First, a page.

Time passes by, bound to its Creator’s will. Within that passing, occur course altering events which we humans come to remember as history.
These events that I have described to be ‘course altering’ are the pillars upon which human society constantly shapes itself, affecting in turn the politics, the religions, the economic nexuses and the ethnic tussles that govern the lives of people. In light of this principle, nothing can be described to be more course altering than the impact Islam has had on humankind. The countless empires and rulers that have traversed the planes and seas, bearing the flag of Islam all along the way, have certainly left their marks in the history books. And nowhere is this fact more evident than the chart of the Islamic History of the World created by Justice Dr. Syed Mohammed Anwer.
Before I delve into the ingenuity and creativity that has been poured into this project to forge this portrait of Islamic history, I shall first describe the inventor of this creation and why he felt it necessary to fashion this chart in such a way that would in turn make Islamic history understandable and accessible for people from all walks of life, regardless of their academic background. Being a master of Oriental learning, Justice Dr. Syed Mohammed Anwer gathered information about the various Islamic governments that had spanned the face of the Muslim world since the lifetime of the Prophet Muhammad ﷺ. He employed his skills in the disciplines of history, numismatics and linguistics, constantly scrutinizing the data that he had amassed over the countless years of his investigation. Initially planning to author a book based on several volumes, he immediately realized the hurdles that he would face in imparting his reservoir of knowledge to the world. He argued that in the age of the internet, one could not confine knowledge to traditional means only. Thus, recognizing the need for an instantaneous source of information, he conjured up the idea of a chart that would illustrate all of the Islamic governments that have existed to date altogether in their entirety at a single place.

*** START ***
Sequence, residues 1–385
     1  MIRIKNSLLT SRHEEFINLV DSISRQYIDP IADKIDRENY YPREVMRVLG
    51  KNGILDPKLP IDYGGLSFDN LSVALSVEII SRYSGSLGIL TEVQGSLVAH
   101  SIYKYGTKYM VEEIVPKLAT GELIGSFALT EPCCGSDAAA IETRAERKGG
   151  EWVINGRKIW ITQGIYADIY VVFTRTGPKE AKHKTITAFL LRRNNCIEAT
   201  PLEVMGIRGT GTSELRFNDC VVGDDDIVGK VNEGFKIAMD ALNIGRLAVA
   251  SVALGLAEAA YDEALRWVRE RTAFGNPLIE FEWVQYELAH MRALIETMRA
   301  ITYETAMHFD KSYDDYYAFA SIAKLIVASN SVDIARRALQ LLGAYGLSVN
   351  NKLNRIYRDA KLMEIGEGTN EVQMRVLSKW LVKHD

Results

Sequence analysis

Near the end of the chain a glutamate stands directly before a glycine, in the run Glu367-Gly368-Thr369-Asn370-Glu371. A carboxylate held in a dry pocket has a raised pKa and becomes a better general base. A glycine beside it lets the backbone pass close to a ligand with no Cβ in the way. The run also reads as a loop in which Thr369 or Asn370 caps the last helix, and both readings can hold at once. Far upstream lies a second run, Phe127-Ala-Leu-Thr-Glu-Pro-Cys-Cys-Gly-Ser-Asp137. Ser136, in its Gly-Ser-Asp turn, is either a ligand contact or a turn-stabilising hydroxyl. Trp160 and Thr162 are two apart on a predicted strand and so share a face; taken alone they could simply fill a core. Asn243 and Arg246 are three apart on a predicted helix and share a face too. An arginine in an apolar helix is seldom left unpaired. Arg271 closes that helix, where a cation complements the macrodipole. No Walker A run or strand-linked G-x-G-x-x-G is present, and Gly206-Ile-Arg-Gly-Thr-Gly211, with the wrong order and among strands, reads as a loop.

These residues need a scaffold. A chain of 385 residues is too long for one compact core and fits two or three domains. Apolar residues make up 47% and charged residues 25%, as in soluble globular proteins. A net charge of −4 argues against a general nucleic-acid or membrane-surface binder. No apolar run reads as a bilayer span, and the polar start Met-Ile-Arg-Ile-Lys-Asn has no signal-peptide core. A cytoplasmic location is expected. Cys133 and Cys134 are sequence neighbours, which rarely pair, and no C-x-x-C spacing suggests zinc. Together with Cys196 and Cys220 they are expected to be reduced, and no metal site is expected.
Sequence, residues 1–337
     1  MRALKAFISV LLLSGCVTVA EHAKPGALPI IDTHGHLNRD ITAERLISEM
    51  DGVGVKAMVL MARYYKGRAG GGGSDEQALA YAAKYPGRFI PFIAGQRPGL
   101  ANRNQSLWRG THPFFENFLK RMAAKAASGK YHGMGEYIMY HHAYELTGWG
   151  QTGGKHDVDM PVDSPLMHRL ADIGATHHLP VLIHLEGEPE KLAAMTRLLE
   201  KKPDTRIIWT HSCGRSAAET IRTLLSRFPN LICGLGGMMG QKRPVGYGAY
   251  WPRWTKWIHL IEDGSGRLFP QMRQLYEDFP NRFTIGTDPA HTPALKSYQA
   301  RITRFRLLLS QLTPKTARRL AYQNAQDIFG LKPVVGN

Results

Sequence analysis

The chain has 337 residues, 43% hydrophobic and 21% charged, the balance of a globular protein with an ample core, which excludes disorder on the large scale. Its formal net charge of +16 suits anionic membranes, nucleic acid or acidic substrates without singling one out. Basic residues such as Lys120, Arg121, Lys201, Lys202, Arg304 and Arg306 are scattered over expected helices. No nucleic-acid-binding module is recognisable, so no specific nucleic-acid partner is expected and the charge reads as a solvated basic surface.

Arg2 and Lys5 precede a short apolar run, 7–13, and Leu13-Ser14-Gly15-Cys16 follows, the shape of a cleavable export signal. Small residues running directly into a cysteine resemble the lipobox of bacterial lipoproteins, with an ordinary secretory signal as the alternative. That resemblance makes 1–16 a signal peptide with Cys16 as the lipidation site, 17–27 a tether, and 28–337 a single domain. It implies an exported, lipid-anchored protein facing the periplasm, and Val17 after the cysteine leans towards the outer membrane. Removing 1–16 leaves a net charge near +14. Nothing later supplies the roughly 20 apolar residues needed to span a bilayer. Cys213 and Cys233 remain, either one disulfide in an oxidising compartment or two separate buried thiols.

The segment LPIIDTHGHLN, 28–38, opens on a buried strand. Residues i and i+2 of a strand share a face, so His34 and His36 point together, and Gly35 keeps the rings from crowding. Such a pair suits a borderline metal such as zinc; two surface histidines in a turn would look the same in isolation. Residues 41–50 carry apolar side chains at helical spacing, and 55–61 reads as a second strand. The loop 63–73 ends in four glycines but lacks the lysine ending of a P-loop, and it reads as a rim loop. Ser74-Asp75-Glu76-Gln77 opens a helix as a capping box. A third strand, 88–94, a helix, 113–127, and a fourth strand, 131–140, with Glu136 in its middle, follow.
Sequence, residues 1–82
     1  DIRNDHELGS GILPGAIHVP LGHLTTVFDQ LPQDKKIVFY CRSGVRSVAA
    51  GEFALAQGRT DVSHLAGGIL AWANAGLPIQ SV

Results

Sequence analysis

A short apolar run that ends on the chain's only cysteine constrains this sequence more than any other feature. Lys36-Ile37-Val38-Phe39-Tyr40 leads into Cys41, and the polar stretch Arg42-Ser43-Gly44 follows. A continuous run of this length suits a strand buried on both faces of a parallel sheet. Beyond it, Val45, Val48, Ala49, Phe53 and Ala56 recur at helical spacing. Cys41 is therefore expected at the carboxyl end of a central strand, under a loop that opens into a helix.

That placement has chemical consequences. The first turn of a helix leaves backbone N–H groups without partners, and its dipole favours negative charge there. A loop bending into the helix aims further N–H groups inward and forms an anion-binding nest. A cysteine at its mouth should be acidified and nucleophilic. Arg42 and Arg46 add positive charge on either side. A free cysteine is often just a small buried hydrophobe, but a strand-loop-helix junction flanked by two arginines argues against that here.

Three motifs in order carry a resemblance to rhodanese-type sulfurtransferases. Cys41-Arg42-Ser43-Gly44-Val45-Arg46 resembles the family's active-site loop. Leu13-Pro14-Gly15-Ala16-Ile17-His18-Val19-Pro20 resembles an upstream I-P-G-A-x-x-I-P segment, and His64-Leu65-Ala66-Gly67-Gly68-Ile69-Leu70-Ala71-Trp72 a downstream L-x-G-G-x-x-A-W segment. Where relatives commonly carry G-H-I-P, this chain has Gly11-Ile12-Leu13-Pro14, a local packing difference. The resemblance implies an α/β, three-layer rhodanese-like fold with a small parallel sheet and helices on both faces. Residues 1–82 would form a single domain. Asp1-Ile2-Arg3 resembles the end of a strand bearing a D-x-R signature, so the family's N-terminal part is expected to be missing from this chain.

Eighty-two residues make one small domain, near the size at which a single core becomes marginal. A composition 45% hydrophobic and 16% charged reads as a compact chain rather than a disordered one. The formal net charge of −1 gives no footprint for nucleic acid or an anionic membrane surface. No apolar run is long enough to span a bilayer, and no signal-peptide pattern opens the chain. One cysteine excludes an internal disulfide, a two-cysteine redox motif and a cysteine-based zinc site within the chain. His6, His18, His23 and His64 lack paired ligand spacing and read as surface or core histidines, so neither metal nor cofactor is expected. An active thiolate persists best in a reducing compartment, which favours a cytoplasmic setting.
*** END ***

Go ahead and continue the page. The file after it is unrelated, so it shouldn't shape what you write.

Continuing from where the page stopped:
Never before has there been anything that could display the history of the lands governed under Muslim rule altogether in one place. From New Guinea in the east to Morocco in the west, this chart encapsulates Muslim rule in its geographic and historic entirety all in one place. The chart has been divided into two horizontal and vertical axes on each parallel side. The two horizontal axes, above and below, display the historic and contemporary names of each and every region/area/country under Muslim rule, progressing from South East Asia on the extreme right-hand side towards Western Europe located on the extreme left-hand side of the chart. In addition to this, the two vertical axes, on the right and left, indicate the progression of years according to both the Gregorian and Hijri calendars, starting from the Nabawi period below, up until the year 2020. Furthermore, color indicates the areas under Muslim rule, while white indicates the areas under non-Muslim rule. The grey areas illustrate local Muslim tribal rule in a particular region. All the 21st century contemporary Muslim states have been depicted with the green color at the top of the chart. Moreover, the zebra patterns indicate periods of unrest within a specific region. Finally, it must also be noted that the chart has been published in both the Urdu and English languages.
We must realize the true potential and purpose of this project. The chart of the Islamic history of the world can be utilized in various academic disciplines. This chart lays the foundation for understanding the political struggles between nations, the integration and assimilation of diverse cultures together, how this in turn led to the emergence of different languages through the intermingling of different ethnic groups, how different legal systems exchanged and imposed their ideas. One can employ this chart to navigate through the different economic systems, political structures and legal frameworks provided by Muslim governments to the world. It can even be used to understand the different art forms and architectural styles brought into existence through the various empires that have governed the earth through the ages.